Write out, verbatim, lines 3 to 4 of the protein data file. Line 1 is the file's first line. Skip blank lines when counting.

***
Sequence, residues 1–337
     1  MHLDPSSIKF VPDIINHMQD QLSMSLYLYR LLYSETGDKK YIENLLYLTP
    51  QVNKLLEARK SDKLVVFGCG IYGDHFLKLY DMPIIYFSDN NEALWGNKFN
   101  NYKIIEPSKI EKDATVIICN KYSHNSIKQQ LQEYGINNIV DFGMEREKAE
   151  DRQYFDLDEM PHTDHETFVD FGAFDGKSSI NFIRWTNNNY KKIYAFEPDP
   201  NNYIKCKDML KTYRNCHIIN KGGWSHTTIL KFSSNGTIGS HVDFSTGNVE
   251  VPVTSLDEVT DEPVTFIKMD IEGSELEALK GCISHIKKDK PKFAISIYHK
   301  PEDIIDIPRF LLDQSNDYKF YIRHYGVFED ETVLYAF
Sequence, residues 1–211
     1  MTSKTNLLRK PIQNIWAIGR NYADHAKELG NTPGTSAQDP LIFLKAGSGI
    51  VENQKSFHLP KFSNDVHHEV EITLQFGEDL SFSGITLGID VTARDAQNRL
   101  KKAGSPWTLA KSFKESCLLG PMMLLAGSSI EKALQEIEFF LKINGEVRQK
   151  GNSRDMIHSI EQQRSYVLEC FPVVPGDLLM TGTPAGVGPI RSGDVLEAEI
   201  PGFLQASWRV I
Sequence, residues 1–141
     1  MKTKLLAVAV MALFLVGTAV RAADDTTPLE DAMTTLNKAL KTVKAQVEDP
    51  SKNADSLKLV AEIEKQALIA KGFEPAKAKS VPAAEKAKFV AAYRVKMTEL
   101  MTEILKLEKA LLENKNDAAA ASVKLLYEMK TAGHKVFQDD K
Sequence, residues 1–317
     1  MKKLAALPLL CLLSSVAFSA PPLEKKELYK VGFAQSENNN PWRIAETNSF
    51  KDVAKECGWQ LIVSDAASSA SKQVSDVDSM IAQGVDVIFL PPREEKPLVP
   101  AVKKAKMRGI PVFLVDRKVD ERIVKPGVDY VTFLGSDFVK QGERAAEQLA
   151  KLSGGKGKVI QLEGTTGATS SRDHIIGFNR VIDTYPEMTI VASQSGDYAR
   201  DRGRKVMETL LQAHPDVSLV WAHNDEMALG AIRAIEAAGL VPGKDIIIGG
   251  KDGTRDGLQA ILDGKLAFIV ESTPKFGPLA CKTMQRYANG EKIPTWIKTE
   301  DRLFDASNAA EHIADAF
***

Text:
    51  QVNKLLEARK SDKLVVFGCG IYGDHFLKLY DMPIIYFSDN NEALWGNKFN
   101  NYKIIEPSKI EKDATVIICN KYSHNSIKQQ LQEYGINNIV DFGMEREKAE